If you’re not familiar with MMGW, its essential tenet is that you can not, and will not, allow students to fail.  They can not, and will not, be allowed to make choices to fail.  They can’t “not turn in” assignments; they can’t turn in poorly-done assignments.  Or rather, they can, and the teacher will give repeated opportunities to fix whatever is wrong and to complete whatever is missing.  Envision a teacher telling a student who’s choosing to give up, “I won’t let you make this choice,” and pushing them to succeed.  This is a great teacher, right?  Now, turn the tables just a bit.  The teacher no longer has to pull that student aside to say that or offer that assistance; it’s mandated.  There is no choice to be made. 

Trouble is, students have a right to make a choice.  More importantly, we have a duty as teachers to let them exercise that right.

You read that right.  We have a duty as teachers to let our students choose to fail.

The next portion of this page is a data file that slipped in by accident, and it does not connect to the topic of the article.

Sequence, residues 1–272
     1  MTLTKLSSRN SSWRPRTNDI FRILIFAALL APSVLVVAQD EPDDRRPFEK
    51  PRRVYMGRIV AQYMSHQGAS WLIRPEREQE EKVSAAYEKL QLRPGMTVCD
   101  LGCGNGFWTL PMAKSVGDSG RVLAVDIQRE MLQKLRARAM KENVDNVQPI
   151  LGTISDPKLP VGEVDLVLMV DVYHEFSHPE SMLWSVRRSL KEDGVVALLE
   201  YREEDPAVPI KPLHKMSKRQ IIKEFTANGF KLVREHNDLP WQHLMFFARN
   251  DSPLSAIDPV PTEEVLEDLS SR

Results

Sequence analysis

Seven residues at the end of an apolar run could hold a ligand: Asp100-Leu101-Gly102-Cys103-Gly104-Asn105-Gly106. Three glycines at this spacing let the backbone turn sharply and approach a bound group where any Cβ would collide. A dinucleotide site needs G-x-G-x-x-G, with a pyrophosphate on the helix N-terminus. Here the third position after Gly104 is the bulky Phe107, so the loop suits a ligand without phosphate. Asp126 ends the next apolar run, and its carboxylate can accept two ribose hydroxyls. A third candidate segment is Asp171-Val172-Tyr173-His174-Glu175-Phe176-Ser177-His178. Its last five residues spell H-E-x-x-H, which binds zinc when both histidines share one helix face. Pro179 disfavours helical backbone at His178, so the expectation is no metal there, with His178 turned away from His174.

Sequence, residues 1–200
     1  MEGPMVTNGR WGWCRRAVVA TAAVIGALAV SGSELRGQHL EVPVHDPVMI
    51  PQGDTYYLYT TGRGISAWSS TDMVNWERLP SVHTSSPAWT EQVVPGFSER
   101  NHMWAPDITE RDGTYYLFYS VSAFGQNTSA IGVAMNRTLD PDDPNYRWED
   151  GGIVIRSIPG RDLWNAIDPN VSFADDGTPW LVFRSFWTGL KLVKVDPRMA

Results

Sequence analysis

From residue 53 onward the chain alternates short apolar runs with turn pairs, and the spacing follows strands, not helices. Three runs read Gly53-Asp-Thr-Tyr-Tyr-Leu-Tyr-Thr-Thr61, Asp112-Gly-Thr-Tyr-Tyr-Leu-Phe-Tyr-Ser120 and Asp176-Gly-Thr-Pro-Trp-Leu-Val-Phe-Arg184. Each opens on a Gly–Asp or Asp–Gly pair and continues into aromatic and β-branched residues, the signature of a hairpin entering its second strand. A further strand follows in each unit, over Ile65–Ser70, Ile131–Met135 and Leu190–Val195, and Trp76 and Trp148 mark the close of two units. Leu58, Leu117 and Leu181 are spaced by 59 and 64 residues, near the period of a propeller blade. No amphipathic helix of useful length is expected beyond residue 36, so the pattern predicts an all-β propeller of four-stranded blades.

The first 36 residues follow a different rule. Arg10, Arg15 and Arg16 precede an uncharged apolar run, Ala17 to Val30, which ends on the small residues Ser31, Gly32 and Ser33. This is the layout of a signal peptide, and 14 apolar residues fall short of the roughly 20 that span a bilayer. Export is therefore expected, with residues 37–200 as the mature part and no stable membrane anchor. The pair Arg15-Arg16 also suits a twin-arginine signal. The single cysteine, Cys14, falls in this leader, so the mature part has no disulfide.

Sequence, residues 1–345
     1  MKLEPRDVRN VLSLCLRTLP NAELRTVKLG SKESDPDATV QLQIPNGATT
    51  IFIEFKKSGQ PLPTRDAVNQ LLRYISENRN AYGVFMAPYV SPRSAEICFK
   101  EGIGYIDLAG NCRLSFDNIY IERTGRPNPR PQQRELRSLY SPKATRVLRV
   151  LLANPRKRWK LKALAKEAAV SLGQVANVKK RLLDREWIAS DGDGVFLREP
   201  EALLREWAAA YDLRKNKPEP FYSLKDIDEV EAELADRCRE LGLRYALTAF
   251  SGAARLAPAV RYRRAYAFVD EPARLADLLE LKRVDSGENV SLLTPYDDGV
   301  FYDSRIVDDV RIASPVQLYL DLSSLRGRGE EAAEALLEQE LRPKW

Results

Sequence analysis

Now I know there are people who are thinking, with so many kids already in so much trouble, can she really be sitting here telling me it’s a teacher’s duty to let these kids choose to be unsuccessful?

Yes.  I can, and I am.

Because here’s the problem:  Any good teacher already does these things for his or her students.  Any good teacher already notices who is giving up and who needs another shot, and who needs an exception made to allow them to re-do poor assignments or turn in missing ones.  Any good teacher already uses his or her discretion and professional judgment based on infinitely many factors to do all of these things, and more, for his or her students.  I can’t tell you how many times I did it, or how many times I saw it done.  And it’s not just for the students on the brink of failure:  it’s also for students who need a nudge from a B+ to an A-, or a C to a C+, or anything else.   The key difference is that students used to have to engage with that teacher or otherwise earn the opportunity. 

Now, don’t get me wrong.  There are certainly bad teachers in the world.  But let’s talk about the majority of teachers, who are good, who entered teaching for all the right reasons, and who, day in and day out, bust their tails to do the best they can.  And yes, that’s most teachers.